Filed under: Dan Cottrell, ELVs, Rugby Coaching, Rugby Skills, Rugby Training | Tags: bridging, IRB, laws of rugby, sealing, usa rugby, winning the ruck, women's rugby
Last week I posted the IRB reminders on the interpretation of the law about “bridging and sealing”. It is not explicitly stated in the law book but here are the rough definitions:
Bridging: forming a bridge with your legs or knees and hands or elbows over the ball.
Sealing: securing yourself to the tackled player, preventing the opposition grabbing the ball and if driven back, taking the tackled player and ball with you.
Since, in the spirit of the game, players are meant to stay on their feet, any attempt by players who are not on their feet to prevent the ball being contested is illegal.
Market forces have prevailed though. Coaches and players are always seeking ways to profit from the laws.
Here is what it says in the Playing Charter at the front of the IRB Laws of the Game:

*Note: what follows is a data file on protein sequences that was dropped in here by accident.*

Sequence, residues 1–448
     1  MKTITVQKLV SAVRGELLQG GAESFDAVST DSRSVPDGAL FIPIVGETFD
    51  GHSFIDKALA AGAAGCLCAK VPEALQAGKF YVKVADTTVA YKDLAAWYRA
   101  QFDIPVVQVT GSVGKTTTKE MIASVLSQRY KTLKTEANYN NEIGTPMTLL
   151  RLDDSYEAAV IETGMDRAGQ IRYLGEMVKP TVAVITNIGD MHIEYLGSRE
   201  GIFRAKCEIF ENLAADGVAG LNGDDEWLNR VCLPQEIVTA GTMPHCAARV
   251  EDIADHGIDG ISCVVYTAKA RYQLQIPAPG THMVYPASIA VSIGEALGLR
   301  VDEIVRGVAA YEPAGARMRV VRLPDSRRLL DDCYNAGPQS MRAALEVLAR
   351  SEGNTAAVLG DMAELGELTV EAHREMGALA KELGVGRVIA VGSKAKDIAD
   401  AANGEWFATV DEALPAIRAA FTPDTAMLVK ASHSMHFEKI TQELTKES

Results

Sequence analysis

It is the aim of the team in possession to maintain continuity by denying the opposition the ball and, by skilful means, to advance and score points. Failure to do this will mean the surrendering of possession to the opposition either as a result of shortcomings on the part of the team in possession or because of the quality of the opposition defence. Contest and continuity, profit and loss.
Bridging and sealing have worked there way into the game as a method of retaining possession. There was a knowing conceit amongst some coaches and certain referees that this is okay. Others see it as dangerous, with a greater likelihood of players putting themselves in exposed positions.
This clip from some Amercian coaches says much about the feeling. You decide where the line should be drawn.
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